Many of the appliances in the average household spend most of their time turned off. Things like televisions, stereos, video game consoles and computers are probably turned off for far more than half of every 24 hour period. One reason that we don’t just leave everything on is to save electricity. Who wants to pay for the electricity to run these things when we’re not using them? Unfortunately, they still draw electricity when they are turned off.
Electronics draw power even when turned off
All of the items mentioned above and many others, use internal transformers to convert the AC power they receive from the wall outlet to DC or to reduce the voltage. Unfortunately, these transformers draw electricity from the wall outlet all the time. When the device in which they reside is not in use, that power drain is reduced, but still present. Consumer electronics devices such as stereos that have an Energy Star rating must comply with maximum energy usage requirements when in the “off” state, but they still draw power.
Logical groups for a power strip
While things like lamps don’t use power when they are turned off, almost everything with electronics inside does. Often these items are clustered in groups. Let’s look at the computer desk for example. At a typical computer workstation you will find:
- A computer
- A computer monitor
- A computer printer
- Computer speakers
- A router
- A modem
How much does it cost when turned off?
Every one of these devices is drawing electricity when not in use. That means you’re paying for electricity that you’re not using, and the generation of that electricity is contributing to the addition of greenhouse gases to the atmosphere. Many people want to live a green lifestyle, but overlook some of the easiest lifestyle changes that could help them get closer to that goal.
Power strips can cut electricity usage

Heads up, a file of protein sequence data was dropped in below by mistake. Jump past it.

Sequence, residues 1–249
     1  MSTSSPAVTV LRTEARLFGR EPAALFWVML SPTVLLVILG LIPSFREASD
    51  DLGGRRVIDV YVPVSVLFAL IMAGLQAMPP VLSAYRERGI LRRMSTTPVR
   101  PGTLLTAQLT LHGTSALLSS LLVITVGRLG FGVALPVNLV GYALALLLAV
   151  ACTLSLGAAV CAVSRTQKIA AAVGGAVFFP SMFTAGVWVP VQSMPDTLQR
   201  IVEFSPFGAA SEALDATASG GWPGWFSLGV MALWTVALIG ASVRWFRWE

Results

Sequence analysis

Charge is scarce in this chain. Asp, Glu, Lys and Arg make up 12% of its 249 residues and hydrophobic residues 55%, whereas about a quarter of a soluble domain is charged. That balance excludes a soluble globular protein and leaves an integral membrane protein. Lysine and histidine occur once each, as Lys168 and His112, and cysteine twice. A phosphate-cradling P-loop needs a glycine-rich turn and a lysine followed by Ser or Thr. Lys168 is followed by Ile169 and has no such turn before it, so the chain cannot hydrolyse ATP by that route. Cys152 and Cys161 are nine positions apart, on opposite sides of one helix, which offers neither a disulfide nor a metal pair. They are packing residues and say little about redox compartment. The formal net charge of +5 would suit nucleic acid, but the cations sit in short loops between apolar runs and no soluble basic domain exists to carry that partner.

Eliminating the power drain from electronics devices not in use is one of the easiest ways to lower your carbon footprint and live a more green lifestyle. All you need to do is plug these groups of equipment into a single power strip and make sure that when you are finished using them, you turn off the power strip. That cuts all power to the transformers of each attached device and stops wasted electricity cold.
More logical groupings for a power strip
Think about other logical groups of equipment that could benefit from the use a power strip in your home.
Home entertainment system
- DVD player
- cable box
- video game console
- home theater audio system
Kitchen countertop appliances
- microwave oven
- electric food processor
- electric coffee maker
- DVD/ CD player
- wireless audio sender unit
- Cell phone charger
- iPod charger
- chargers for other portable devices
- docking stations for portable music players
Just unplug it
If there are items that don’t fall into these logical groups, then you may not need a separate power strip for them. You can simply unplug them. The power strip isn’t a substitute for the on off switch on many of these devices. The computer for example should always be shut down properly and completely before the power strip is used to cut power.
Reduce wasted electricity
It is estimated that thirty percent of the electricity used by such devices as an ordinary television set is used when the device is turned off. In part, that’s because it spends more hours per day in the off position drawing a reduced, but still significant amount of electricity. That’s not to say that your power usage will drop by 30 percent overall, but it will almost certainly be a noticeable difference in your electric bill each month, and a noticeable improvement in your carbon footprint.